September’s Shiniest PR Stunts
From beautifully executed marketing moves to shameless attention grabs, September certainly didn’t scrimp on the PR. Here are the PR stunts that got us talking the most this month.
YO! Sushi gives customers more than a mouthful
YO! Sushi got tongues twisting this month by dishing up a fresh new rebrand. In a move designed to remind the public that they’re not all about raw fish, they changed their name to the slightly longer, and slightly less catchy “YO!SushiRamenKatsuStirfryCurryBaoBurgerGyozaFriesYakisobaMochiBallsFriedChickenPopcornShrimpBeefTeriyakiChocolateBrownie!”
To accompany the change, the restaurant’s Richmond branch was treated to some shiny new signage – a slightly-too-long 12-foot of it, to accommodate all 121 characters. Customers were then challenged to upload videos of themselves saying the tongue-twister on social media, with the chance of winning a £50 voucher if they nailed it. Fortunately for its marketing department, the change was only temporary, with the brand switching to the simpler “YO!” instead.
ABC Australia advertises a helpline for men triggered by Greta Thunberg
If there’s one person everyone’s been talking about this month, it’s 16-year-old Greta Thunberg – a fierce-beyond-her-years environmental activist from Sweden, who hit the headlines this month after her rousing speech at the 2019 UN Climate Action Summit. And for serving President Trump some serious RBF, of course.
Unsurprisingly her efforts earned her some angry middle-aged male haters, so ABC Australia promptly stepped in to mock them. The broadcaster produced a hilarious two-minute long spoof advert, promoting a fictional helpline where counsellors were on hand to soothe angry middle-aged men before they went “full caps lock in an article comments section”. Greta herself was a fan of the ad, retweeting it and assuring her haters that help was on the way.
Mature mag Platinum makes a sassy debut
Apparently the biggest women’s magazine launch in over a decade, Platinum Magazine made its debut this month, and it certainly didn’t make a quiet entrance. The campaign for the new monthly title, aimed at women over the age of 55, was the brainchild of Scottish agency Wire, and featured empowering portraits of older women captioned with statements like “I swiped right, why not?” and “I’m having the best sex of my life. Finally”. We’re happy for you, Susan.
Platinum Editor Ali Kirker said: “Our research has consistently shown women who are over 55, the majority of whom are entering a new life phase, feel there isn’t a magazine that informs and reflects their life”. She went on to say: “Platinum is for women who are up-to-date in both style and attitude, confident, engaged and interested in exploring the world around them.” This is one to watch.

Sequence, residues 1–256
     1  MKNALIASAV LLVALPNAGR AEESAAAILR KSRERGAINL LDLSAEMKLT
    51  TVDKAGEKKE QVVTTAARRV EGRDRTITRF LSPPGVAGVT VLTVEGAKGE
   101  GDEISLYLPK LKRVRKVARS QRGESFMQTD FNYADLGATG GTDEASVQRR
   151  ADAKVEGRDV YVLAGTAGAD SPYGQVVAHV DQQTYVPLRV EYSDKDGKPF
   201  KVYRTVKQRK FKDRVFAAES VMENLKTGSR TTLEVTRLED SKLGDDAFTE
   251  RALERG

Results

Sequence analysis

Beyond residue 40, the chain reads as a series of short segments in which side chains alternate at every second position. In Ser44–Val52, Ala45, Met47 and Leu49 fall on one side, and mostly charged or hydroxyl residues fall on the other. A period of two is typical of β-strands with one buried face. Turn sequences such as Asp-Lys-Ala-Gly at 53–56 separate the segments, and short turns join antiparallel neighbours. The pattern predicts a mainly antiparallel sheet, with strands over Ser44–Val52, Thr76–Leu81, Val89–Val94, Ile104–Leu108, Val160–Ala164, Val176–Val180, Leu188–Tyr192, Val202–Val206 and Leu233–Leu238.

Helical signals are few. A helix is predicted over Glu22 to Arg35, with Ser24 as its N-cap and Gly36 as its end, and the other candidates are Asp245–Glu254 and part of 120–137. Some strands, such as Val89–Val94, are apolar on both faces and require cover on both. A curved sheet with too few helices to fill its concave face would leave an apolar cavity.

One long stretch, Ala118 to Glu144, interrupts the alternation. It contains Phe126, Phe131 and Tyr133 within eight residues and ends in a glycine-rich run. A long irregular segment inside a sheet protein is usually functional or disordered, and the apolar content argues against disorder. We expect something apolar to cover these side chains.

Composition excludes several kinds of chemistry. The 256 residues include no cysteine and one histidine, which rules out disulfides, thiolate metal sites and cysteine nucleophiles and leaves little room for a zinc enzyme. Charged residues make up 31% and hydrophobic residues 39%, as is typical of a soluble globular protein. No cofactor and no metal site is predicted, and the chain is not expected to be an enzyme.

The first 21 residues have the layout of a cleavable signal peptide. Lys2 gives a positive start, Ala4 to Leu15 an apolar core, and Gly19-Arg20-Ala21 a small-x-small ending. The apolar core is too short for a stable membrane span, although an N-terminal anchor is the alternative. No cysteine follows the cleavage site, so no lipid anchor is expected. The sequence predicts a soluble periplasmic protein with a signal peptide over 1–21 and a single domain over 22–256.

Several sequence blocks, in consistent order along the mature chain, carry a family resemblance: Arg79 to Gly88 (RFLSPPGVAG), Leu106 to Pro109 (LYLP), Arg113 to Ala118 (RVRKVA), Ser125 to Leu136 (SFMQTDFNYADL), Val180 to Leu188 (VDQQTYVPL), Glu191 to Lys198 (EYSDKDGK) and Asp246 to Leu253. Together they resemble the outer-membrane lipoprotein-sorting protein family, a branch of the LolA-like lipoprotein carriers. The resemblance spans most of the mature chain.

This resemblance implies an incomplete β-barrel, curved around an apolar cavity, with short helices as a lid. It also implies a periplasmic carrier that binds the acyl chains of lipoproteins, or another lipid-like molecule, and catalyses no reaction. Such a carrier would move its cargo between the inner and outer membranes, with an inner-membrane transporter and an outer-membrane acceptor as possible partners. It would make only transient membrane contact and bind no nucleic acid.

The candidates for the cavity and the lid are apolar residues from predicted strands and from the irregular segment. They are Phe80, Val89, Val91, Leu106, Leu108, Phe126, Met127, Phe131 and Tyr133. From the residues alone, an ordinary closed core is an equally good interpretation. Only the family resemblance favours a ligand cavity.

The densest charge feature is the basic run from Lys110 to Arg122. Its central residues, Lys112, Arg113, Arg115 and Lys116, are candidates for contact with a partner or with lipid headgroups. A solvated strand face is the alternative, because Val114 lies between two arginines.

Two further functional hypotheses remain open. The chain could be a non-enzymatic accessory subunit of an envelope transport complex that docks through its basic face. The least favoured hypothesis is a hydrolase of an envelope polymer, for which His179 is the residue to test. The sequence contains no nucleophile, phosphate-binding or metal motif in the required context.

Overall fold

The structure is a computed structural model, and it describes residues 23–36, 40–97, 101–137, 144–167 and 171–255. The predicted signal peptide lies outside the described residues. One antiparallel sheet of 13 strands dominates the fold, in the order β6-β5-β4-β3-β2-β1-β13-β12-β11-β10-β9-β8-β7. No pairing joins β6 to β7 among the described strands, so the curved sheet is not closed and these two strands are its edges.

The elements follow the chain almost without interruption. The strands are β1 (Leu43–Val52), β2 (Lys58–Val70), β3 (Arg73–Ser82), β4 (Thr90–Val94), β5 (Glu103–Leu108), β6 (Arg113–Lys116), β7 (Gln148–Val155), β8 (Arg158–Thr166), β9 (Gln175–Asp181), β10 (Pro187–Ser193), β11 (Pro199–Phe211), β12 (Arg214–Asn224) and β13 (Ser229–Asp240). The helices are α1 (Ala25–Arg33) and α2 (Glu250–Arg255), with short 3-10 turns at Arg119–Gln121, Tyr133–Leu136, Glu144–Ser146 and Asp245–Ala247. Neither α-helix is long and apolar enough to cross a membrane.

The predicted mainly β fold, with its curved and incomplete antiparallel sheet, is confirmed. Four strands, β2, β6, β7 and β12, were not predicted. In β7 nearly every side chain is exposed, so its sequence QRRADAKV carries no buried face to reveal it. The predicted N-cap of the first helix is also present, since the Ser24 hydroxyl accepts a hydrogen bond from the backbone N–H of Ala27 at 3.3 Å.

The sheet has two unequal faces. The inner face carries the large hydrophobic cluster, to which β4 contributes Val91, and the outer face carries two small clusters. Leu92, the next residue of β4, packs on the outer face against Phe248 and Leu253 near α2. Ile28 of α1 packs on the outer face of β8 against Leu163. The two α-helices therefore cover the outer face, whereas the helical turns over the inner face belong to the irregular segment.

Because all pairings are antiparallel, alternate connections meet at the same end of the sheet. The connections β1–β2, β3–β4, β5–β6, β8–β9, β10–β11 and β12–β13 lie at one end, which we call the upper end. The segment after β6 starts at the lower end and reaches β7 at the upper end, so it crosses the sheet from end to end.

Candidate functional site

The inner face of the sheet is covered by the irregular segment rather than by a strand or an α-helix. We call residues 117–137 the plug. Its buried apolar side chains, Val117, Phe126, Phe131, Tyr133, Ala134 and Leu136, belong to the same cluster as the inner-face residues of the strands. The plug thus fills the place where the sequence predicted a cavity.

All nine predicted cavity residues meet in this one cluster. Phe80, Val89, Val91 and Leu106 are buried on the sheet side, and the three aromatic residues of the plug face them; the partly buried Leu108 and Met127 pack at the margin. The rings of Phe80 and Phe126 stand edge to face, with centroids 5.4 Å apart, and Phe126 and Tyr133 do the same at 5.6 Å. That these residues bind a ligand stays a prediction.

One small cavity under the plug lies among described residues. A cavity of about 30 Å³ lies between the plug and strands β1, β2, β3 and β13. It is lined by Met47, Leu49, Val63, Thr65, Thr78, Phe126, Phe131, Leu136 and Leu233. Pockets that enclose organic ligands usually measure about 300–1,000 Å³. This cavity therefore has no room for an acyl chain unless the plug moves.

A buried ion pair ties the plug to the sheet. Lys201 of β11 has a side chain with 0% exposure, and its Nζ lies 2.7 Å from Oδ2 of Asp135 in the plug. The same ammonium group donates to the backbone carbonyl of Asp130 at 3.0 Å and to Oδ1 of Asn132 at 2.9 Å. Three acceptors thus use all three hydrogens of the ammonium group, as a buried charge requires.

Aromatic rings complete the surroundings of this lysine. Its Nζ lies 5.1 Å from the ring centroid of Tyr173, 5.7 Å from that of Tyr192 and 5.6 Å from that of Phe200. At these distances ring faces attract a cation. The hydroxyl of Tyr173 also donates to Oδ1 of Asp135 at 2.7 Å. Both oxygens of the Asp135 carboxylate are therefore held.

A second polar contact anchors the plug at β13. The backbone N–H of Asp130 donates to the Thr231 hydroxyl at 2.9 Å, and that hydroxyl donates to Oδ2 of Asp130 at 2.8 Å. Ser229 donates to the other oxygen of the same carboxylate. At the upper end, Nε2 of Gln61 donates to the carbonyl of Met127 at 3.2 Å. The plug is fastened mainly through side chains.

Bitchy Burger King clowns McDonald’s. Again
Just when we think the Burger King vs. McDonald’s saga has gone a bit quiet, it all kicks off again – and this time, it was Burger King stirring the pot. To coincide with the film release of It Chapter Two, the fast food chain thought it would be the perfect opportunity to take a creative dig at their clown-loving rivals – by offering McDonald’s customers refuge from clowns in their restaurants. Assisted with geo-targeting tech, Burger King invited social media users to use their app, where they’d find an ‘Escape the Clown’ feature. When activated at a McDonald’s restaurant, it provided a ‘flee and run’ route to their nearest Burger King restaurant – where a discounted one cent whopper would be waiting if they made it in time.
The crafty move follows their anti-McDonald’s stunt after the German premiere of the first It film back in 2017 – when they projected the message “Never Trust a Clown” on to the screen, just before the credits rolled. We’re waiting for the clapback…
King Kong gets back up the Empire State Building
King Kong has long been associated with the Empire State Building – ever since his silver screen debut in 1933, when he scrambled up the structure like one of those YouTube daredevils (but without the GoPro or a disregard for his mother). This month it was announced that the overgrown simian had returned, this time as one of the attractions of the Empire State Building’s newly renovated museum.
Situated on the building’s second floor, the 10,000-square-foot museum is packed with immersive exhibits, detailing everything from the building’s construction and early history, to its rise as an architectural icon. King Kong can be found peering through windows of a replica 1930s office, which has been partially destroyed by his great big, photo op-ready hands.
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